Skip to main content
Open this photo in gallery:

Operators check the solar panels of a photovoltaic power plant installed by Generale du Soleil (GDS) and operated by Energ'iV SEML in a former landfill in Guignen, western France, on Dec. 8, 2020LOIC VENANCE/AFP/Getty Images

The rise of environmental, social and governance (ESG) investing has been one of the biggest finance stories of the past year. The largest investors, it turns out, are as surprised by this as anyone.

Dollar figures have become astronomical, with the world’s major financial players amassing capital specifically to invest in green energy, emissions reduction and other sustainable technologies. Each week, a parade of companies from all industries announces targets for net-zero carbon emissions in the coming decades.

But early in the COVID-19 pandemic, few of those making investment decisions expected things to turn out this way. In a new survey of Canadian institutional investors, 93 per cent said they were surprised, both by how quickly markets recovered and how much of a role environmental and other previously “soft” factors have played in the market rally.

That is raising questions about whether there’s an ESG bubble forming – similar to previous tech and cannabis rushes in Canada that deflated quicker than they ran up.

“From those that we spoke to, I don’t think they see it as a bubble. They see this as a very significant tipping point,” said Milla Craig, president of Millani, the Montreal-based ESG advisory firm that conducted the survey. Among participants were Caisse de dépôt et placement du Québec, RBC Global Asset Management, Fiera Capital Corp., Desjardins Global Asset Management and Letko Brosseau & Associates Inc. Collectively, those surveyed control $2.3-trillion in assets.

Much of investing is about risk management, and COVID unleashed new and massive business risks as economies struggled to deal with lockdowns, the loss of consumer demand in many industries and unprecedented reliance on the health care sector. All of this puts the spotlight on the “S” part of the ESG triptych. But, it only served as a reminder that climate change poses long-term risks to businesses that must be quantified and dealt with, Ms. Craig said.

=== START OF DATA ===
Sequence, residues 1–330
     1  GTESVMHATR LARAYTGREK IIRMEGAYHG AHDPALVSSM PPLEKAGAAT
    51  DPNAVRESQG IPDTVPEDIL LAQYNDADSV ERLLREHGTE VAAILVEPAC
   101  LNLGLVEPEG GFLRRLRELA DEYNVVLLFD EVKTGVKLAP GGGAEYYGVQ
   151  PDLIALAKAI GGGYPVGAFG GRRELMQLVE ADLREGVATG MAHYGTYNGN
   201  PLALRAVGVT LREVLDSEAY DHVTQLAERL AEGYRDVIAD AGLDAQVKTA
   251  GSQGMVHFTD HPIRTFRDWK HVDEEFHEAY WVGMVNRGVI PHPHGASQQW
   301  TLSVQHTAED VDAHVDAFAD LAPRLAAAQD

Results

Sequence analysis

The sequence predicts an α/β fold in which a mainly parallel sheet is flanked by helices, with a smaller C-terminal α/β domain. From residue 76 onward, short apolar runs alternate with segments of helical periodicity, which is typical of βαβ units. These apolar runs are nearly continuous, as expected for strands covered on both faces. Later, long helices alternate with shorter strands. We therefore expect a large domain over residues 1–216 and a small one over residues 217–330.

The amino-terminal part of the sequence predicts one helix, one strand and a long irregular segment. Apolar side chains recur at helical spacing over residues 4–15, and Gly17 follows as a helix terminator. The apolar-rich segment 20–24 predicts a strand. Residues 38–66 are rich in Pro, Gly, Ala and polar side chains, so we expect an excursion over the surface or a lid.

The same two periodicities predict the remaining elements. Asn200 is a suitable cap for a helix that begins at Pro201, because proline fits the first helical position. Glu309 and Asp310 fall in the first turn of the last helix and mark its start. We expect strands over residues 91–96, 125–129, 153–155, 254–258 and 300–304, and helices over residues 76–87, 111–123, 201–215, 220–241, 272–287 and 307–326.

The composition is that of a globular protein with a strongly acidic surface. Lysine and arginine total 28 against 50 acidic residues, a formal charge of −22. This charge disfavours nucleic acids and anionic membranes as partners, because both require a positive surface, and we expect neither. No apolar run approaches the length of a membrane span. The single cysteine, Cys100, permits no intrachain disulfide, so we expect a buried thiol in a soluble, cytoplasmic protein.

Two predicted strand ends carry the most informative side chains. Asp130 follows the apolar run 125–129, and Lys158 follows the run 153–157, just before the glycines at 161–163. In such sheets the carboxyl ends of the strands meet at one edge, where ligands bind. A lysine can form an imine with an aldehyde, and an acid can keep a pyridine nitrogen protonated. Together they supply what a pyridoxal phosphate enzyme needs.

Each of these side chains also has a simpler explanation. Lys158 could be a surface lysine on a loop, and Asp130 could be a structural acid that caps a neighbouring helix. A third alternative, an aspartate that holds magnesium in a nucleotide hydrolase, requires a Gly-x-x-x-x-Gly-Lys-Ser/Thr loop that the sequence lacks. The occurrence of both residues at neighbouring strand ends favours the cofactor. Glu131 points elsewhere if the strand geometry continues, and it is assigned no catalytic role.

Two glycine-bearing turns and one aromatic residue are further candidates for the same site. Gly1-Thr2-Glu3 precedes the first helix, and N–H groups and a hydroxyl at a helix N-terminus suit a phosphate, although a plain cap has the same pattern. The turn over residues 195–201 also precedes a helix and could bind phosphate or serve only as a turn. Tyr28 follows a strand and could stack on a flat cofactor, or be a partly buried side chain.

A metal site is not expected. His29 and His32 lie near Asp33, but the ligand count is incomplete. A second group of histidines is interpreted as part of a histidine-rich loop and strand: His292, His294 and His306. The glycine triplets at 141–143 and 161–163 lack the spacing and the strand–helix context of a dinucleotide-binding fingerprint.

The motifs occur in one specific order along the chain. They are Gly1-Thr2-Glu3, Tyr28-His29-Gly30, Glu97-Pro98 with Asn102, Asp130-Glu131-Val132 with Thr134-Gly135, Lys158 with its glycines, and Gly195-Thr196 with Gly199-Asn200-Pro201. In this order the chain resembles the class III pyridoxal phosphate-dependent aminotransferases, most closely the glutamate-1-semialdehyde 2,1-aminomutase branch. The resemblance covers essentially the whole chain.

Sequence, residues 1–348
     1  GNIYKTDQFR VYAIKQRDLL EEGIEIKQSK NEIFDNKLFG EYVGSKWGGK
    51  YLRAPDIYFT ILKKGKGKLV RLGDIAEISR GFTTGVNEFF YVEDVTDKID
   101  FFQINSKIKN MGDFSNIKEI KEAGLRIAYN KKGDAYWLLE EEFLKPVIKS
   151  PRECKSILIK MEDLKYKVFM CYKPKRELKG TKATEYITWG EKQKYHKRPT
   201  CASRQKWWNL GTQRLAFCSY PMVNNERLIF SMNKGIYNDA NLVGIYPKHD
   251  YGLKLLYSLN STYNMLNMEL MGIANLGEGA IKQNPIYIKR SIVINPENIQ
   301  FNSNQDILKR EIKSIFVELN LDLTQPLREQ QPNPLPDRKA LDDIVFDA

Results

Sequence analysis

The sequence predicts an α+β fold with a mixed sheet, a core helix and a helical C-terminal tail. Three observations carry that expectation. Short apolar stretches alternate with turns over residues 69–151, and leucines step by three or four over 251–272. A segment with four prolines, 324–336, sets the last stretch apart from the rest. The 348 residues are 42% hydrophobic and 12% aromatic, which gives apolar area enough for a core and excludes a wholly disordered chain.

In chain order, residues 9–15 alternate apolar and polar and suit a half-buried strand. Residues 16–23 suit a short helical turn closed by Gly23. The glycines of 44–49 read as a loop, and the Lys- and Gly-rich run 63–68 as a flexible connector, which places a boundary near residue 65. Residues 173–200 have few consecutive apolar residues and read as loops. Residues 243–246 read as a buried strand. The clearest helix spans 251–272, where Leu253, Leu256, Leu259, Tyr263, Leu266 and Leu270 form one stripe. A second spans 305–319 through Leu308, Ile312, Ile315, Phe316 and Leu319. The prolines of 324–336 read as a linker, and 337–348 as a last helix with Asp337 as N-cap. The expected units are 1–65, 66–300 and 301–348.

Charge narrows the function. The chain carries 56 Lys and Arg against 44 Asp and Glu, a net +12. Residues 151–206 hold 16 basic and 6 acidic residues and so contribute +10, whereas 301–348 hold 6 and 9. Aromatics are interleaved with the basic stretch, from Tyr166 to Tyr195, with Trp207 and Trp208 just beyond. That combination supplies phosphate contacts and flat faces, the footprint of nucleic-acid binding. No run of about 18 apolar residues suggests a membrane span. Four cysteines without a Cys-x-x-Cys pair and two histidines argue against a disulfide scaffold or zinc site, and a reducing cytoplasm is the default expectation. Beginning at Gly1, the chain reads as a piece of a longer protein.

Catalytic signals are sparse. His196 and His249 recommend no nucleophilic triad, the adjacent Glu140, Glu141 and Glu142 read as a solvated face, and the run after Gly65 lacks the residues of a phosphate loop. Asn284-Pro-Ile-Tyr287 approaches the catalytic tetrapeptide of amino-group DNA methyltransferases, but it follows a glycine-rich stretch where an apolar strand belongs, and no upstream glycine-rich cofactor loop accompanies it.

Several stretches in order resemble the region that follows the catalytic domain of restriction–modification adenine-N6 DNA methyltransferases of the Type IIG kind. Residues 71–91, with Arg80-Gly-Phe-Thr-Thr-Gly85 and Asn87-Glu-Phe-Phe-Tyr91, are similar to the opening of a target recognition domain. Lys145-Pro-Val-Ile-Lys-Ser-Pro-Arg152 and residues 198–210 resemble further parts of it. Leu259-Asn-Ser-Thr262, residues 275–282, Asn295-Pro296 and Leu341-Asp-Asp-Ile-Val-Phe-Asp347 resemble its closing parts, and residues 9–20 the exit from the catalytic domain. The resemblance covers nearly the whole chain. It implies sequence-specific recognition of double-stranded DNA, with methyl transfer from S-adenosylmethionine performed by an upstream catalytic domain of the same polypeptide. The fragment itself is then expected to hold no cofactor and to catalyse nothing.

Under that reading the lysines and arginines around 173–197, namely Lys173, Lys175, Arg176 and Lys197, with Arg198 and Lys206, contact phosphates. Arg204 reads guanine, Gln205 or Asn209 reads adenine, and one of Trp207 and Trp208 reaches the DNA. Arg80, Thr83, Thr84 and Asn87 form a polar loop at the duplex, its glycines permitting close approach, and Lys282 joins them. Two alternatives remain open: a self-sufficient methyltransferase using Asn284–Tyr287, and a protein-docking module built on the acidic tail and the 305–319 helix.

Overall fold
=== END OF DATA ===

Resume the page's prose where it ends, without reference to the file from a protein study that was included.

“It’s exposed the vulnerabilities, both in society and in portfolios,” she said. Taking those vulnerabilities into account is part of the fiduciary duty institutional investors shoulder.

Meanwhile, diversity and inclusion were widely cited as key to boosting the values of their organizations, and those of the companies in which they invest.

Globally, money flows into sustainable funds topped US$150-billion in the fourth quarter of 2020, according to Morningstar. That’s nearly triple the amount in the same period a year earlier. Most has gone into European funds, but the recent period saw the biggest growth of such fundraising in the United States and the rest of the world.

In Canada, several investors, from pension funds to private equity players, made investments in renewable energy and set up funds to seek new target for investment. They are certainly demanding attention to the issues in traditional energy. Last week, Brookfield Infrastructure Partners made a point of touting its ability to bring ESG improvements to bear when it made an unsolicited $5.7-billion bid for Calgary-based Inter Pipeline Ltd.

Investors now see enforcement of ESG disclosure and reporting standards, similar to accounting rules, as the next step. The survey revealed that three-quarters of institutional investors expect mandatory disclosures in Canada.

Certainly, the push is on. Late last year, the country’s largest pension funds issued a call for corporations to adopt a standardized set of criteria for assessing, for example, how measures to reduce carbon emissions would affect their long-term profitability.

In its recent report, the Ontario Capital Markets Modernization Task Force said companies should disclose all material environmental information. The task force recommended corporations be mandated to adhere to the most stringent standard – the Financial Stability Board’s Task Force on Climate-related Financial Disclosures.

Investors do not expect the measures to become compulsory in 2021, but they do expect more movement in that direction, according to the survey. But as the past year has shown, things can move quickly, and that’s important for company leaders to keep in mind as they seek to retain access to institutional money.

Jeffrey Jones writes about sustainable finance and the ESG sector for The Globe and Mail. Reach him at

Follow Jeffrey Jones on Twitter: @the_Jeff_JonesOpens in a new window

Report an error

Editorial code of conduct

Tickers mentioned in this story

Your Globe

Build your personal news feed

Follow the author of this article:

Follow topics related to this article:

Check Following for new articles

Interact with The Globe